• Contemporary Approaches to Development Management explores the common tools and approaches employed in development management and provides you with a clear understanding of their theoretical underpinnings, uses and critiques. Students are assessed by assessed teamwork and an assessed essay.  
    • Development in Practice is a three-term composite module. This module is designed to expose you to the tools and instruments of planned intervention in a range of development fields. It also aims to develop your analytical and evaluative capacity, whilst strengthening your professional and team-working skills. The module plays a fundamental role in preparing you for the overseas practice engagement.  
    Read more about our optional modules
    • Political Economy of Development: Industrialisation and Infrastructure seeks to critically examine the contribution of industrialisation and infrastructure to national, regional and local development in the Global South. By focusing on these two issues, which often stand at the centre of national/local government policies, the module looks in detail at some of the forces that help shape national development from both a theoretical and an empirical viewpoint. Students are assessed with a written assignment. 

    Our students can also choose optional modules offered by other master's programmes at The Bartlett Development Planning Unit, or modules offered by other departments within UCL. 

    More details of these modules can be found in the UCL module catalogue.

    Please note that enrolment onto each module is subject to places being available and that the course structure and list of modules given here is indicative. This information is published a long time in advance of enrolment and module content and availability are subject to change.

    Our teaching and learning approach 

    Our course involves approximately 1,800 hours of student learning time. It involves several activities such as lectures, presentations from experts in the field, seminars, peer-led teamwork, workshops, tutorials, field visits and project work, as well as independent reading, writing and revision for examinations. Full-time students should commit to an average of at least 35 hours of study a week throughout the programme of study. Our course, including its learning outcomes, module objectives, assessment and peer to peer engagement approaches, has been designed to equip learners to be independent critical thinkers and practitioners.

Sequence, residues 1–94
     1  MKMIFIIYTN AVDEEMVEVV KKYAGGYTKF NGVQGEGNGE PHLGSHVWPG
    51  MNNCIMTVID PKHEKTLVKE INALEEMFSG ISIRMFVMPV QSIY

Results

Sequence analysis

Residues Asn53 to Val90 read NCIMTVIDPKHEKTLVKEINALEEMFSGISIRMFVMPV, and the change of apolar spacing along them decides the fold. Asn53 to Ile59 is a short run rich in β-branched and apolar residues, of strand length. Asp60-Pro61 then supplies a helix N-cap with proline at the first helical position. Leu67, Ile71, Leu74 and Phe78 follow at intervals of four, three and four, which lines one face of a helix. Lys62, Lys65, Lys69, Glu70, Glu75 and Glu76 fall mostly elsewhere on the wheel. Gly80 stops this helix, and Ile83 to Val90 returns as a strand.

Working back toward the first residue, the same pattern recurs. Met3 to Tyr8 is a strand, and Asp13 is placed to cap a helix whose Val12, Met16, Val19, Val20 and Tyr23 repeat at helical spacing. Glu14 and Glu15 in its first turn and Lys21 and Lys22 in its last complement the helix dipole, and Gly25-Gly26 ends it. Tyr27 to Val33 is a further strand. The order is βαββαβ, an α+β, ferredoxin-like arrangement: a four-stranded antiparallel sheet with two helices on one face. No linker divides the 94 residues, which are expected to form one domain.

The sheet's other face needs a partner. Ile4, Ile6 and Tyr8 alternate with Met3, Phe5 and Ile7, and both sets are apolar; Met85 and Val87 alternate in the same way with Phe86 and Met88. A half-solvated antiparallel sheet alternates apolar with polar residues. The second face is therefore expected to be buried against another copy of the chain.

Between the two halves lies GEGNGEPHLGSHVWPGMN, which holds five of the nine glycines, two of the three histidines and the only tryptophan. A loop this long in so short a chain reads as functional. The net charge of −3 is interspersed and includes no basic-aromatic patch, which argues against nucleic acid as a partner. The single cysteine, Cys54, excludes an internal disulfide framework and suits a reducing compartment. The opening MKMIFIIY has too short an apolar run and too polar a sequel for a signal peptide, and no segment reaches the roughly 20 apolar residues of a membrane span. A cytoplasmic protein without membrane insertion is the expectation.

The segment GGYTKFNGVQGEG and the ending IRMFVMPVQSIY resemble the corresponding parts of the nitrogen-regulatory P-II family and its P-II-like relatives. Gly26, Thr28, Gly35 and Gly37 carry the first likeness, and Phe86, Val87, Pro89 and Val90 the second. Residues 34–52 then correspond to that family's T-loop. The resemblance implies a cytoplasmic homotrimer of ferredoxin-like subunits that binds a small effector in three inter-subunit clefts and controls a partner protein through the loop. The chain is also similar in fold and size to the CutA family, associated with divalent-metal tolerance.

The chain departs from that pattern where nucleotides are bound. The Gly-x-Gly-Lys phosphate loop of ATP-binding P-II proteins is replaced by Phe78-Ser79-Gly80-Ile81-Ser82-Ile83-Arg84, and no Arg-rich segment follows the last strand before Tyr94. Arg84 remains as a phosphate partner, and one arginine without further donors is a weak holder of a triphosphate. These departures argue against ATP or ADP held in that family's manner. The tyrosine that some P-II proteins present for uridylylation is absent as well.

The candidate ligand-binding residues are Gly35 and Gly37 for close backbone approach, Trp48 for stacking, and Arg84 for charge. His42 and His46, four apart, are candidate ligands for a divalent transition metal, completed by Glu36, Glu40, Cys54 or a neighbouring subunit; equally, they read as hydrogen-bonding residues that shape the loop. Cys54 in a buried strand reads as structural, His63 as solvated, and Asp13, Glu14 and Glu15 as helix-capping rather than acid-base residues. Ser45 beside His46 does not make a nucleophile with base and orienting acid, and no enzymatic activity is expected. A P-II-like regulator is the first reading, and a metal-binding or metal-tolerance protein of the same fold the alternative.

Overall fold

Development in Practice

    Practice-based engagement is a core component of the Development Administration and Planning MSc. Our core module, Development in Practice, equips you with the hands-on, real-life experience of developmental interventions in a global context. As part of this, the module integrates theoretical learning with real-life developmental projects.

    In an overseas practice engagement, you will work collaboratively in groups with various developmental organisations to understand how a project or a course is planned for interventions. You will also reflectively analyse how context and positionality shape the outcome of developmental interventions. Previously, we have travelled to various geographies to form partnerships with equivalent host institutions. We have had a sustained relationship with Urban Action Lab at Makerere University in Uganda. In the 2023, students travelled to Sao Paulo (Brazil) and, in groups, worked with six different development organisations to critically understand how these organisations engaged in developmental interventions. Thematically, the organisations focused on various developmental issues such as indigenous rights, access to education, food security, queer rights and sanitation. Previously, our course has travelled to Egypt, Ethiopia and Ghana.  

    The fieldwork component takes place in term three when you will travel overseas and spend 7 to 10 days working with various development organisations. The Bartlett Development Planning Unit will cover the following costs of the overseas practice engagement: return flights, visas, travel insurance, accommodation and fees, and costs of local experts and inputs. However, food, local travel and incidental expenses of a personal nature will not be covered by the department.

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    Discover more about our overseas practice engagements on our overseas practice engagement page.

    Careers and employability

    This highly interdisciplinary course attracts, among others, anthropologists, economists, geographers, lawyers, politicians and public administrators. The strength of the programme lies in its synthesis of participants’ professional backgrounds and academic backgrounds. While the programme attracts development actors with considerable experience, such as civil servants, planners, architects, lawyers, development administrators, activists, and development professionals, it also attracts recent graduates and early career with an excellent track record and critical perspective.  


    Since the inception of the programme in the mid-1990s, graduates have been engaged in a diversity of professional positions, including in local, regional and national governments, consultancy firms, national and international NGOs, United Nations programmes, international aid agencies, multilateral organisations, think tanks and prestigious universities.